The torso extension works just like the one in Jay’s Thunder Dragon, and the wings attach in much the same way, too. Overall it’s not much of an upgrade, and those wings really don’t look big enough to make this dragon “flight ready”. But I suppose you have to start somewhere.
I suppose it does look a bit more fierce now. The colors in the dragon are matched by Kai’s outfit, right down to the brown “boots” on both.
On the enemy side, the stakes are raised a bit by the addition of a snake foe who is also clearly “flight ready”: Boa Destructor. This villain comes with a removable flight pack with great-looking teal wings and a grappling hook/chain gun.
Our review set contained two of the chain elements, which was a nice bit of “overfill” as it let us double the useful length. That was necessary to recreate the battle scene from the instructions: One chain wasn’t quite long enough to reach around the dragon’s jaw without putting the Boa Destructor right next to it.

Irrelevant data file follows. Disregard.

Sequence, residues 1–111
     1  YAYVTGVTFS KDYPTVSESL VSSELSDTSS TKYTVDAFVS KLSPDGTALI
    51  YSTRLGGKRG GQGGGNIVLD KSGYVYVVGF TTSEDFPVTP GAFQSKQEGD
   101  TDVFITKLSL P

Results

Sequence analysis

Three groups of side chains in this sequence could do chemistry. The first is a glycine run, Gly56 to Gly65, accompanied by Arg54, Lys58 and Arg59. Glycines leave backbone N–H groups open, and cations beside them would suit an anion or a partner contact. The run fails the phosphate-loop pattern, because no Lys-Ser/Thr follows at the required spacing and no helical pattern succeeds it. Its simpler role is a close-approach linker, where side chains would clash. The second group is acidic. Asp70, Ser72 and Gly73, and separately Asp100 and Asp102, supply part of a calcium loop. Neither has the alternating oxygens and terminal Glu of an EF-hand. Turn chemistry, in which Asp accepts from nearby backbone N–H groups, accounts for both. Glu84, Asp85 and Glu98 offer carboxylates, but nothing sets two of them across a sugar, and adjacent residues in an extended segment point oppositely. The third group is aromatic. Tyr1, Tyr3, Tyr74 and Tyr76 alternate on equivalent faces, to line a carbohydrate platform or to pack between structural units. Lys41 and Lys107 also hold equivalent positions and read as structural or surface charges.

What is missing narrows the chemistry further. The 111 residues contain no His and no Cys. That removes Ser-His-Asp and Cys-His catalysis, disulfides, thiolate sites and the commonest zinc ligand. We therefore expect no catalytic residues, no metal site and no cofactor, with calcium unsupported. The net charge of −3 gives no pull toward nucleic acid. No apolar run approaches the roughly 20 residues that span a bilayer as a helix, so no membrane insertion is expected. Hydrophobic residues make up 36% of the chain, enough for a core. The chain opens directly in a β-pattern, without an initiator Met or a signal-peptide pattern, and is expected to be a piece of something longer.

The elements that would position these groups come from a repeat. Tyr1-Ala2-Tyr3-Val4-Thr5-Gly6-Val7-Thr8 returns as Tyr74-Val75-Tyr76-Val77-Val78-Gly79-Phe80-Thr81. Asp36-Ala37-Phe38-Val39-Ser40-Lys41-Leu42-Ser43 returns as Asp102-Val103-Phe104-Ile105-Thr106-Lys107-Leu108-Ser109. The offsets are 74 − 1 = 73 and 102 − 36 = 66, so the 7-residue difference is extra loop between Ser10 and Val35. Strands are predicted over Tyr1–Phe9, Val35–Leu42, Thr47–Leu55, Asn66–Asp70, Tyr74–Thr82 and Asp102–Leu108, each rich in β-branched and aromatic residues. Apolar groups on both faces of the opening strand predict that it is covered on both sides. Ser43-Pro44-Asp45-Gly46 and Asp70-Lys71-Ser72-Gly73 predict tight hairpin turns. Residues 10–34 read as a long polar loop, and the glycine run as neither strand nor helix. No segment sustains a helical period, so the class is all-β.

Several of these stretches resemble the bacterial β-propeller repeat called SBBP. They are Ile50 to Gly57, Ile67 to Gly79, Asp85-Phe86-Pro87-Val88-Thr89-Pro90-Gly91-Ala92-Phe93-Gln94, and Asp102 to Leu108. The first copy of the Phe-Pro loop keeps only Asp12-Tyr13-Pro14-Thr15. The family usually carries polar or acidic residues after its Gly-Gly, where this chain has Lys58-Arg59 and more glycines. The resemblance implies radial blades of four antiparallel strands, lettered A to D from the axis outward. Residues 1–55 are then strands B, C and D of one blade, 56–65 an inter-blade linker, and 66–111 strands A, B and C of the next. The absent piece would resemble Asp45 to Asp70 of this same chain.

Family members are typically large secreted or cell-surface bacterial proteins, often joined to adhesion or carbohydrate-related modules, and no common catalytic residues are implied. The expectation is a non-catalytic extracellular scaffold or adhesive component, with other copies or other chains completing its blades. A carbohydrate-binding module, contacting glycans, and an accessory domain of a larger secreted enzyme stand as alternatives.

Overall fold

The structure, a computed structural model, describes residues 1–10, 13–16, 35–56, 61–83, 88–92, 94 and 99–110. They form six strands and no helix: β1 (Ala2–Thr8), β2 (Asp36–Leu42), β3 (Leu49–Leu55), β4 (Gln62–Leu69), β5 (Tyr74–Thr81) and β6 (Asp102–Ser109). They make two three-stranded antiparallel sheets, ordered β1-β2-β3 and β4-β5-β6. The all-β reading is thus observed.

The final upgrade to the Fire Dragon takes it to “Battle Ready” mode. There are a lot of extras added in this step, including gold armor, another set of wings, and a saddle. The saddle has a clip that lets you attach the Wisdom Banner, but lacks any sort of reins to help Kai guide his mount. Kai gets a final upgrade as well, with a new cowl element to replace his hairpiece.
The dragon also gets a flame element to finish off the tail. I kidded the Thunder Dragon that it just missed going “full Charmander” with its tail topper, but I suppose there’s no escaping that comparison this time.
Unfortunately, I’m not overly fond of the final look of the Fire Dragon. My main complaint is the wings – the extensions are locked in place, with the only pivot being at the shoulders. The extreme forward arc on them doesn’t seem very “in-flight” to me, either. Combined with the lanky legs, the completed dragon just doesn’t seem balanced for air or land adventures.